Words about words – Terms to describe different types of words


We have words to describe everything and by the same token we even have words to describe words themselves. In fact, there are quite a few terms which serve this very purpose and while some of them are instantly recognisable and easy to remember, it can sometimes be difficult to differentiate these terms and to recall what separates them. For this reason, you can find many words to describe the different types of words that exist with each one indicating a different function or purpose. The list is actually so long and specific that we have decided to pick out a selection of the most useful terms and listed them below with definitions from oxforddictionaries.com.

So see how many are completely new to you and enjoy this list of words about words!

Words about words banner

AcronymAn abbreviation formed from the initial letters of other words and pronounced as a word (e.g. ASCII, NASA).

AnagramA word, phrase, or name formed by rearranging the letters of another, such as spar, formed from rasp.

AntonymA word opposite in meaning to another (e.g. bad and good).

BackronymAn acronym deliberately formed from a phrase whose initial letters spell out a particular word or words, either to create a memorable name or as a fanciful explanation of a word’s origin. (e.g. ‘Biodiversity Serving Our Nation, or BISON).

DemonymA noun used to denote the natives or inhabitants of a particular country, state, city, etc. ( e.g. ‘he struggled for the correct demonym for the people of Manchester’).

DysphemismA derogatory or unpleasant term used instead of a pleasant or neutral one. The opposite of euphemism.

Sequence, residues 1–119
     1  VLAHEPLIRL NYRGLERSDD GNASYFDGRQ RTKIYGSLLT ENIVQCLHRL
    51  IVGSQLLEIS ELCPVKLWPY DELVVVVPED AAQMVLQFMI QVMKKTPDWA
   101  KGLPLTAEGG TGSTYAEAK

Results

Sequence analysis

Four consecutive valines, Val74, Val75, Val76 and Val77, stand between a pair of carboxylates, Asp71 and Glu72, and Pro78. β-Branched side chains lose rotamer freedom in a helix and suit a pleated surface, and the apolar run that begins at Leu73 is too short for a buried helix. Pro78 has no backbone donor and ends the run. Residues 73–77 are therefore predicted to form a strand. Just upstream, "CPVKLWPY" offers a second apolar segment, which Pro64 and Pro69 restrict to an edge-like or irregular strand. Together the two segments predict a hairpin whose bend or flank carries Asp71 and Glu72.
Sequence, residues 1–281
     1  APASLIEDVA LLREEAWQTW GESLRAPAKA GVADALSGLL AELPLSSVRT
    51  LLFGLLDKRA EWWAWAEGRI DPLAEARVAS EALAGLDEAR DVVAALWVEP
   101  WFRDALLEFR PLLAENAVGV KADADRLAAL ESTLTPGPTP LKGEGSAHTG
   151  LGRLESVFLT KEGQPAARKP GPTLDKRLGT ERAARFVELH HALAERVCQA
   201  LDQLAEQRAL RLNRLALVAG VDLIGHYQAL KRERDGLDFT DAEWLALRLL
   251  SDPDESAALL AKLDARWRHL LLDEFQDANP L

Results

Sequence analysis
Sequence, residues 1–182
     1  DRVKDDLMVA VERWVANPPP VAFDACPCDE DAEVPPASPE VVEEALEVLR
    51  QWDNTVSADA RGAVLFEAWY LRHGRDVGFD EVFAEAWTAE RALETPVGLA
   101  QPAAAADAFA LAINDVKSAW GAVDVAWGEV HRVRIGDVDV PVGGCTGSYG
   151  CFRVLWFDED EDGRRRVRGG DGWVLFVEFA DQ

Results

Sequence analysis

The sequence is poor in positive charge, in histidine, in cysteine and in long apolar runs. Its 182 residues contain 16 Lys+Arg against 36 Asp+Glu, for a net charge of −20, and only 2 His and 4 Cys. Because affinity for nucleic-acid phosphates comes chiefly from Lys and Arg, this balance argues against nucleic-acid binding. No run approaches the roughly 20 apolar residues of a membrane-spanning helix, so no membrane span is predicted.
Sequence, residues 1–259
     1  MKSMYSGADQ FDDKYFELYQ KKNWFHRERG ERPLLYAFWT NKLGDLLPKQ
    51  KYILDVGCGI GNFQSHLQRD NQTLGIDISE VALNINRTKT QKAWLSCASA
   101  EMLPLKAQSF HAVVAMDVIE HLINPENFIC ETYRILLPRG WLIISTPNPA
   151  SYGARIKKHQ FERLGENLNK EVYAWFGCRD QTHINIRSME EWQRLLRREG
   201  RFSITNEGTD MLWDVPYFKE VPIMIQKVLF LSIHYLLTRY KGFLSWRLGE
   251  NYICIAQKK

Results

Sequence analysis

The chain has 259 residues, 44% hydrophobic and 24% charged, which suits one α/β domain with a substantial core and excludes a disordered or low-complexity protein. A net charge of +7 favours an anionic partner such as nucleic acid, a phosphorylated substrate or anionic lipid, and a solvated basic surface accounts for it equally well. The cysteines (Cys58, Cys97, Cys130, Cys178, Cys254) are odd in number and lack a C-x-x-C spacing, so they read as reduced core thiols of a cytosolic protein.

EponymA name or noun formed after a person OR A person after whom a discovery, invention, place, etc., is named or thought to be named.

EuphemismA mild or indirect word or expression substituted for one considered to be too harsh or blunt when referring to something unpleasant or embarrassing. (e.g. ‘the jargon has given us ‘downsizing’ as a euphemism for cuts’). The opposite of dysphemism.

HomonymEach of two or more words having the same spelling or pronunciation but different meanings and origins. For example, pole and pole.

HypernymA word with a broad meaning constituting a category into which words with more specific meanings fall; a superordinate. For example, colour is a hypernym of red.

HyponymA word of more specific meaning than a general or superordinate term applicable to it. For example, spoon is a hyponym of cutlery.

LitotesIronic understatement in which an affirmative is expressed by the negative of its contrary (e.g. I shan’t be sorry for I shall be glad).

LogophileA lover of words.

NeologismA newly coined word or expression.

OxymoronA figure of speech in which apparently contradictory terms appear in conjunction (e.g. faith unfaithful kept him falsely true).

PalindromeA word, phrase, or sequence that reads the same backwards as forwards, e.g. madam or nurses run.

Sesquipedalian(of a word) polysyllabic; long (e.g. ‘sesquipedalian surnames’) OR Characterized by long words; long-winded (e.g. ‘the sesquipedalian prose of scientific journals’).

SynonymA word or phrase that means exactly or nearly the same as another word or phrase in the same language, for example shut is a synonym of close.


  • StartWright, ‘Words about words’. Available here [accessed on 13/02/18].
  • Oxforddictionaries.com, ‘English’. Available here [accessed on 13/02/18].

Written by

Liam Kennedy – Schuman Trainee at the Terminology Coordination Unit of the European Parliament. Graduate of Journalism with a Language (French) at Dublin Institute of Technology. Completed a Masters in Translation Studies at University College Cork.